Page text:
# Text says current practical limit is 10 gbsecond

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Unformatted text preview: current practical limit is 10 Gb/second, primary limited - need for electrical/optical/electrical conversion. 100 Gb/sec. has been achieved in Lab, and > 50,000 Gb/second could be achieved. Instead of frequency, light signals are described in terms of wavelengths, ë. ë = c/f, where c is the speed of light, 3*108 meters/second. Wavelength bands for optical fiber are centered at 0.85, 1.3, and 1.55 microns. In these bands, attenuation is only about 0.2 dB per kilometer. 1 micron = 10-6 meters. Thus, at 1.3 microns, f = 3*108/(1.3*10-6) = 2.31*1014 herz! A deviation of 1 gigaherz = 109 hz from this center is less than 1/100,000 of the center frequency. The bands are about 25,000-35,000 gigaherz wide. Can send thousands of kilometers, small distortion The 0.85 micron band has more attenuation, but the materials and devices are cheaper. Optical signaling is generally by onoff pulses. Optical interfaces can be passive or active. Passive: Passive Star broadcast: Light coming into junction splits about equally. With n receivers, each received power is 1/n of original. Active:...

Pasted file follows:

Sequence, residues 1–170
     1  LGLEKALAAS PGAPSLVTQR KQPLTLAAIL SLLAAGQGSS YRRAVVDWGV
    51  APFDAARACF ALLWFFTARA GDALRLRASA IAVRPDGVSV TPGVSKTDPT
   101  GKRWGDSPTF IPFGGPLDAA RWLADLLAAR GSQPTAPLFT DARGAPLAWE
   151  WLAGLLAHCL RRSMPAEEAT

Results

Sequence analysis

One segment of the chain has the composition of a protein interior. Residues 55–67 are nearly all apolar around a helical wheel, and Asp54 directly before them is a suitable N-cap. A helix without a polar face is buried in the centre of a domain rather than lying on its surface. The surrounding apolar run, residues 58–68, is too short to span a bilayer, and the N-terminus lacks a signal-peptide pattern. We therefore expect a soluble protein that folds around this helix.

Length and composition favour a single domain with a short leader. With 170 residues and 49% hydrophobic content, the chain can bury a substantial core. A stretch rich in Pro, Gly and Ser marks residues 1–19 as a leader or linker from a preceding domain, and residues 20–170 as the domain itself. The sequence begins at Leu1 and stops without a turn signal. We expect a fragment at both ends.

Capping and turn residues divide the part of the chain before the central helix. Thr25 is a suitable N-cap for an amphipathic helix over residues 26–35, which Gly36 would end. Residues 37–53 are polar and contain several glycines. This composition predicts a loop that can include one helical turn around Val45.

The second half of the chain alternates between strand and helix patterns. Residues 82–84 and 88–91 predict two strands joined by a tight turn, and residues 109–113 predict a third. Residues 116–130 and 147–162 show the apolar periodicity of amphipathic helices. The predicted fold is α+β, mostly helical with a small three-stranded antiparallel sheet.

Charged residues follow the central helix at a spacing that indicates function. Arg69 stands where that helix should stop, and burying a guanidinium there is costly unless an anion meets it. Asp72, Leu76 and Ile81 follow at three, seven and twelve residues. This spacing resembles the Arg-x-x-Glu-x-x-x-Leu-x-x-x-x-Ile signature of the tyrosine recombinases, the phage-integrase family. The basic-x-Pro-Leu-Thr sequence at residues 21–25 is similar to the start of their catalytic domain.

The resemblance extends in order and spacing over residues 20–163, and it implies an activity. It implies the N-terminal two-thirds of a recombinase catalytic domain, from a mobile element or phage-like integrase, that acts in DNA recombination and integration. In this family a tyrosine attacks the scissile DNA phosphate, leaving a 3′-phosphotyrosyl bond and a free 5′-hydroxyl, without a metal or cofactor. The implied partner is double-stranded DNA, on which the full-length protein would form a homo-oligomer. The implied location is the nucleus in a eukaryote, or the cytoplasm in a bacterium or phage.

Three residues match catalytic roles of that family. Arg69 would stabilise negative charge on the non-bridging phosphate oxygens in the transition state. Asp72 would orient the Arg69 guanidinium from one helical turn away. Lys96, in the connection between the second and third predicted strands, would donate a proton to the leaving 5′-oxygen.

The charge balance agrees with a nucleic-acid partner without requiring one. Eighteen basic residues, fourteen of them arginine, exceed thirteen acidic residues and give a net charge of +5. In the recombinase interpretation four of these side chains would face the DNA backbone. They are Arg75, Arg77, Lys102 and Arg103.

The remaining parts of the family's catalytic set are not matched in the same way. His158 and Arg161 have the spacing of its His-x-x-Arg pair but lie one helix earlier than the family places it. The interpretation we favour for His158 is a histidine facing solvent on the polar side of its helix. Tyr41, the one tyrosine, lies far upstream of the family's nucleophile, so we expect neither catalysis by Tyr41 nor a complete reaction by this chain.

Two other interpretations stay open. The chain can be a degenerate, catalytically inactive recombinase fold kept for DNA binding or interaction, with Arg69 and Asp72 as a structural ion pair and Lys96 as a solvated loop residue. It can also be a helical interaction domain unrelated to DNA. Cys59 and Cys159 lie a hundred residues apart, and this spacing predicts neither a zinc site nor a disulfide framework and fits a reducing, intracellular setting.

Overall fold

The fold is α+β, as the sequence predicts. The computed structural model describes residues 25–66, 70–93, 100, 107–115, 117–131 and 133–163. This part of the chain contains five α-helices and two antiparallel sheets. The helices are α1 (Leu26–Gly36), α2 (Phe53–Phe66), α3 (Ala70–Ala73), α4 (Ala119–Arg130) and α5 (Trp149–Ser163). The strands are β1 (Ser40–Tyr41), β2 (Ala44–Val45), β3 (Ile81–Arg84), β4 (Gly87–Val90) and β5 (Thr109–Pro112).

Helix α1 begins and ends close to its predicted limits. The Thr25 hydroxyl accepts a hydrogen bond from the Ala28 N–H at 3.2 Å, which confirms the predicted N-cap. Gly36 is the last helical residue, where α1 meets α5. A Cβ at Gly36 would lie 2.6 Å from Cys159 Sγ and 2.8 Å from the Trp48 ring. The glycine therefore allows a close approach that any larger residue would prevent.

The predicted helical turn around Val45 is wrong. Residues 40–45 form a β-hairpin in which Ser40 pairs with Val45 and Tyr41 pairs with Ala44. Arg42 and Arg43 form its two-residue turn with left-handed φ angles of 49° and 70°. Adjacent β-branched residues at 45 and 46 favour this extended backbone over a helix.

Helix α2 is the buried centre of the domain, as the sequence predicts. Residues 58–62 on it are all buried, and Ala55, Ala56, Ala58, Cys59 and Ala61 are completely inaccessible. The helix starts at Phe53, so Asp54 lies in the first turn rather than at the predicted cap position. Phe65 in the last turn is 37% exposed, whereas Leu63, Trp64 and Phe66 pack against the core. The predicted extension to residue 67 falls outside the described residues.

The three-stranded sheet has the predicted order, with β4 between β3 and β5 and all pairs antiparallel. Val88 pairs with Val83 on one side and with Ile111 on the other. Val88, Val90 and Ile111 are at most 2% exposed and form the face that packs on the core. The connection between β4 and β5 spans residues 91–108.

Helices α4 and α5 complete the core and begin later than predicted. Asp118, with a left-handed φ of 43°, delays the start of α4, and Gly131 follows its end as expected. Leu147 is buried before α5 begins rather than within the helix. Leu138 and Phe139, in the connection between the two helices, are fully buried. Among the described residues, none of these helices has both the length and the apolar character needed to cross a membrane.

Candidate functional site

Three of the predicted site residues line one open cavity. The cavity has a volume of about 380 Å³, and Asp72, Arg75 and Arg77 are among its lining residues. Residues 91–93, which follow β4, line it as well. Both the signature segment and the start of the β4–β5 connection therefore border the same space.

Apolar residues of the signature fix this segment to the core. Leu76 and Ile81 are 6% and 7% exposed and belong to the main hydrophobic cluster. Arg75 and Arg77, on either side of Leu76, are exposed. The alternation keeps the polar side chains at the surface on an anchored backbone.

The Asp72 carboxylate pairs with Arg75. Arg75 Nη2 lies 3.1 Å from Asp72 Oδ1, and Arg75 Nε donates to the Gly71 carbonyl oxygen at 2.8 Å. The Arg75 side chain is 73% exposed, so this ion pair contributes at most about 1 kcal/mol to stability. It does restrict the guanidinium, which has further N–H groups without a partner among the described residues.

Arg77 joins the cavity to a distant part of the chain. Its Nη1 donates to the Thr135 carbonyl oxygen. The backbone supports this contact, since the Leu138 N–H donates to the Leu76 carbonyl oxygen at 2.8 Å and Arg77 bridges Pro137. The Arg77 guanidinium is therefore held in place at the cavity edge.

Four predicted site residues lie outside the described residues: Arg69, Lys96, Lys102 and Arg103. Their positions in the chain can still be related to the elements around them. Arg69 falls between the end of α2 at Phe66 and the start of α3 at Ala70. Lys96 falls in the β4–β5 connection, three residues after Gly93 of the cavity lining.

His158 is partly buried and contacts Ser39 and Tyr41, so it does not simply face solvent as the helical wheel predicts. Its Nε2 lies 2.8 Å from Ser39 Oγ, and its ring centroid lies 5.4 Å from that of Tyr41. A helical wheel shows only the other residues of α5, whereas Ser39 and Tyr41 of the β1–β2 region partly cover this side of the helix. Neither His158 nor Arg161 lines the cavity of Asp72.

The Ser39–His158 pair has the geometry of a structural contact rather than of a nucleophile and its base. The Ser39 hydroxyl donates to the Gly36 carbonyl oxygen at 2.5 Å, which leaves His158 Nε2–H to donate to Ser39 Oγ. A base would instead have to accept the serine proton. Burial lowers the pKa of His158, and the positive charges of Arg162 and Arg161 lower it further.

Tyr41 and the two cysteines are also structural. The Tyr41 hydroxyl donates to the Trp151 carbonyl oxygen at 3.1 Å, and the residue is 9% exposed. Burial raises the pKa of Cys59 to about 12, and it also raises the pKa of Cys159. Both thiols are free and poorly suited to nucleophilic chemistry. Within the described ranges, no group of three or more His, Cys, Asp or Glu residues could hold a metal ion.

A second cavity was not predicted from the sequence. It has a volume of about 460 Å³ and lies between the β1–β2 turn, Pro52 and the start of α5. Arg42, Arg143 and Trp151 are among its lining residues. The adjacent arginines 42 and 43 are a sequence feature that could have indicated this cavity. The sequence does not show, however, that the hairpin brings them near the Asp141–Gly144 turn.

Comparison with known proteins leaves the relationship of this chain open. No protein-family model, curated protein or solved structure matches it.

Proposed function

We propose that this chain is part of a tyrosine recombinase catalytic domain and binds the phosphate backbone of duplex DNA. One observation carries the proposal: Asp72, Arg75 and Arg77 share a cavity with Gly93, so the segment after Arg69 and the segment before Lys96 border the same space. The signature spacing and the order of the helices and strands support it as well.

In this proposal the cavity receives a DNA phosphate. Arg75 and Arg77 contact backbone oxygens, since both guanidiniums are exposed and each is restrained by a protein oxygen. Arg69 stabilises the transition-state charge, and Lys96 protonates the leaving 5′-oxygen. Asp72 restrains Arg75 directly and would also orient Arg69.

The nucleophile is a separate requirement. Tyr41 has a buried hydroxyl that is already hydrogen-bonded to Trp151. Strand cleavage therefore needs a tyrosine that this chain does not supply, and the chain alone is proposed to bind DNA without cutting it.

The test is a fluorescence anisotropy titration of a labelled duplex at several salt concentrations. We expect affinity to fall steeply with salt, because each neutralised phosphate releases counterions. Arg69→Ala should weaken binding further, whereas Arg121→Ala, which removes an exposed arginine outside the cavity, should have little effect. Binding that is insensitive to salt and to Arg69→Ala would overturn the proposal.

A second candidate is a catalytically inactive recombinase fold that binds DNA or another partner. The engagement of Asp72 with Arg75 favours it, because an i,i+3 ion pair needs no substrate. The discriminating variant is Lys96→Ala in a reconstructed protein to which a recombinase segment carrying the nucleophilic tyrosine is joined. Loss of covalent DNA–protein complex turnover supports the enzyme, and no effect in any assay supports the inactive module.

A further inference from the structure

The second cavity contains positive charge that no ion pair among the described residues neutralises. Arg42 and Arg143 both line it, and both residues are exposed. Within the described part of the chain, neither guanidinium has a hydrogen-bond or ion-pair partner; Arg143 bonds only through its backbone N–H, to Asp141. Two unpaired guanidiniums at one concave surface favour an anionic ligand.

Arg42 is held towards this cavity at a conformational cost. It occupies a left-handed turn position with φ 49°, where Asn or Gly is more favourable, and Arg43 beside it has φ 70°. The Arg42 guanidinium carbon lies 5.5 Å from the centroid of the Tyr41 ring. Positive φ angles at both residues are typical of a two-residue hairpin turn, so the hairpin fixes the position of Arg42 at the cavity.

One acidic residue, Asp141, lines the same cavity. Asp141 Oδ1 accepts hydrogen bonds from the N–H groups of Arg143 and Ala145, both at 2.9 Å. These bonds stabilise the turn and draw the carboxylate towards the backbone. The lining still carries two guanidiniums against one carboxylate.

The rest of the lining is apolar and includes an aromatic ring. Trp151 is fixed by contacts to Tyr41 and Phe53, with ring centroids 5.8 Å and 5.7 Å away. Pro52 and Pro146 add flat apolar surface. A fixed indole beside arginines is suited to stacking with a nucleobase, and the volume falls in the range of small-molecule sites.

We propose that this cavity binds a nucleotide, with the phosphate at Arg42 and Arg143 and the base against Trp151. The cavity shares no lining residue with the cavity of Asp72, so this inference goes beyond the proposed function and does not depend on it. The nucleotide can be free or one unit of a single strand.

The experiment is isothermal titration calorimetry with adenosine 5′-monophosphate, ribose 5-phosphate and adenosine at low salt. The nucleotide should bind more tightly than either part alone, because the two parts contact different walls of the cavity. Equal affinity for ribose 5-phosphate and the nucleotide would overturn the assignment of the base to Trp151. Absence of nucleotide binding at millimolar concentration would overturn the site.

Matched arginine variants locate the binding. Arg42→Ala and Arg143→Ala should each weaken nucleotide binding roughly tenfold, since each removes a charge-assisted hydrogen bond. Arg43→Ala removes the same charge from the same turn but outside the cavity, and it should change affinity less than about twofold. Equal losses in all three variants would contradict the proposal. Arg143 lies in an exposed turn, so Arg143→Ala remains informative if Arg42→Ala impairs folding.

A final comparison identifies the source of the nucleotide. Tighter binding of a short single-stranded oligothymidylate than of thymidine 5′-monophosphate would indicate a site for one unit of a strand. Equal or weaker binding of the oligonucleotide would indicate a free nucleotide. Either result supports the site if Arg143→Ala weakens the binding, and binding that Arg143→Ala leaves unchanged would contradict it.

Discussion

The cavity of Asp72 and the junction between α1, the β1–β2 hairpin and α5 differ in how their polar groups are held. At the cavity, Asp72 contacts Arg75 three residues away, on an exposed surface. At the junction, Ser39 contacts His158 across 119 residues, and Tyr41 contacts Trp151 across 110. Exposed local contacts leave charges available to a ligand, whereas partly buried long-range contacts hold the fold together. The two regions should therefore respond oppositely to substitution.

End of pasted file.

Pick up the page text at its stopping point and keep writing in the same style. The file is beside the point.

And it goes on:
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## This document was uploaded on 04/03/2014 for the course EE 362 at Penn State.

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